Ingrowing toenails can be a particularly painful condition occurring when the sides of the toenail grow into the surrounding skin. The area becomes very painful, particularly on pressure, inflamed, and eventually may become septic with yellow/white pus being present.
Ingrowing toenails mainly happen to the big toenails but it can affect any toe. Whilst the piece of nail is still ingrowing, the toe will swell but the body will attempt to try and heal itself, so it produces hypergranulation tissue, which causes the toe to look red, swollen and bulbous and very ‘bloody’ looking.
The condition can be caused by a number of factors including injury such as stubbing of the toe which may cause cracks or splits; badly cut toenails; involuted nails which are where the nail grows humped rather than flat; wearing badly fitting shoes, wearing socks or hosiery that is too tight and sweaty feet which can cause the skin to soften so the nail can pierce the skin.
Ingrowing toenails can be prevented by taking a few common-sense precautions. The obvious place to start would be with toenail cutting. If you are not sure you are cutting your nails properly for their natural shape – ask a podiatrist! They will be very happy to show you and advise the correct instruments and methods to use ie, nail clipper, nippers, scissors, easing the skin away from the nail. Also, check your shoe size, do the thumb test on the toe box of the shoe and as always, wash your feet regularly and change hosiery daily.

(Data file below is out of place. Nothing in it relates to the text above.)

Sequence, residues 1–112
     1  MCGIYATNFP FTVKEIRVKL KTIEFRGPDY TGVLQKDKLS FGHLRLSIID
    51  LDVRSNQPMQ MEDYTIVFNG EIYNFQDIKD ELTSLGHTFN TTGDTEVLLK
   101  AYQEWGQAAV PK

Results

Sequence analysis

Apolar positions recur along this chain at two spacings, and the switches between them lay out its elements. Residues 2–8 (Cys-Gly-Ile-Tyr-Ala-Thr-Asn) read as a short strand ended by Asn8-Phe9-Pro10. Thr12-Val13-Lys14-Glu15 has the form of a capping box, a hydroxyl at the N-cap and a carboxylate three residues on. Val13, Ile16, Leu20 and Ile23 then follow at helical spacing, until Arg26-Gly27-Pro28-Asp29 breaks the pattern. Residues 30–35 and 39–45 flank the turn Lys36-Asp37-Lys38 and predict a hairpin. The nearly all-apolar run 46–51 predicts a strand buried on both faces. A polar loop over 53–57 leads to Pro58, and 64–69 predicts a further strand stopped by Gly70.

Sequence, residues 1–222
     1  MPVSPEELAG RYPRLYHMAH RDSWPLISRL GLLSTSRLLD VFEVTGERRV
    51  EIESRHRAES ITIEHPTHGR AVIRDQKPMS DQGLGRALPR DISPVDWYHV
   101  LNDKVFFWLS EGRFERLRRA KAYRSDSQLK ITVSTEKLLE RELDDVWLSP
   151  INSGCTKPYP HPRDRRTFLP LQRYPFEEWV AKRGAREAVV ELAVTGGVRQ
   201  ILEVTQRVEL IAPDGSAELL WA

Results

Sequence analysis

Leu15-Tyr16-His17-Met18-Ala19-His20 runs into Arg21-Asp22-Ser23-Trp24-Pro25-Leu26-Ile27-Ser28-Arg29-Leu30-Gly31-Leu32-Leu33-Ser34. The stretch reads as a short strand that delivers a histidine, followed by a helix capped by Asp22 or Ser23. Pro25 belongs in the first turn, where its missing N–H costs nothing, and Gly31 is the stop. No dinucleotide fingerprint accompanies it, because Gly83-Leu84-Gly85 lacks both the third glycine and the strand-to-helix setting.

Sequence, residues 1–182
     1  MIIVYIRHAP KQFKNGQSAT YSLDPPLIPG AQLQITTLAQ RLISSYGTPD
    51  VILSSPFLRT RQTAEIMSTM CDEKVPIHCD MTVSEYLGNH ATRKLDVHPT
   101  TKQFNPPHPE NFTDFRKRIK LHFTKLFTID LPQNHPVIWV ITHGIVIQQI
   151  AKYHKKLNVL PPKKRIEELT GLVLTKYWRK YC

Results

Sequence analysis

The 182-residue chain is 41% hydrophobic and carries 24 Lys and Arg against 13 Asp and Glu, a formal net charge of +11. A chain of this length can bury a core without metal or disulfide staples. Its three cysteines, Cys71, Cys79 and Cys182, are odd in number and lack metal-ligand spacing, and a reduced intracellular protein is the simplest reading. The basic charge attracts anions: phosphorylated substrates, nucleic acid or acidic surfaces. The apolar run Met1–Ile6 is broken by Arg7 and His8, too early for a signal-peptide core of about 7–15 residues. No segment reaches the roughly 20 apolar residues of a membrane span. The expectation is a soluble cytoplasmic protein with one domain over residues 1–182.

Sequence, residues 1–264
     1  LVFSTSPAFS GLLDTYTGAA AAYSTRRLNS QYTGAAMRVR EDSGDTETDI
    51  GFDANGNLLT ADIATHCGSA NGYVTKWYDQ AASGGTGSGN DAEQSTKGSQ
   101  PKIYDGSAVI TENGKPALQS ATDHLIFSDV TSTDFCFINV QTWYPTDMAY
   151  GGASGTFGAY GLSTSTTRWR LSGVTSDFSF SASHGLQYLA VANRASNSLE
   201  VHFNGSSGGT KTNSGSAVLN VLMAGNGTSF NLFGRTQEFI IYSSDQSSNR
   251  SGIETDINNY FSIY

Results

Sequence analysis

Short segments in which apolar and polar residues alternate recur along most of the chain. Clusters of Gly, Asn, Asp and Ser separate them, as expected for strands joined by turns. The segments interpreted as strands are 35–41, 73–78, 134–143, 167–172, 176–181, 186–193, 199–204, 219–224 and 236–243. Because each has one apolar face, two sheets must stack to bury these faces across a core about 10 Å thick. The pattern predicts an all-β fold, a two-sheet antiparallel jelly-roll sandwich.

If the condition is infected then it will need a course of antibiotics but if it is caused by a spike or shoulder of the nail, it will need to be removed. If you act quickly then a podiatrist may be able to remove it conservatively by clipping out the offending piece of nail. If left, nail surgery may be required under local anaesthetic. This surgery can take two forms. Firstly, partial nail avulsion which is when a section of the nail is removed and a chemical called phenol is applied to stop that section of nail re-growing (98% effective). And secondly, total nail avulsion when the whole nail is removed and again phenolised.
Following nail surgery, it is imperative to keep the nail dry and sterile and to rest to aid the healing process. It will take approximately 6 – 8 weeks to heal completely and sterile aftercare is essential, this should be explained post surgery.
Patient feedback frequently reports immediate relief and little or no post-operative discomfort.
Look after your feet – you’ll never get another pair!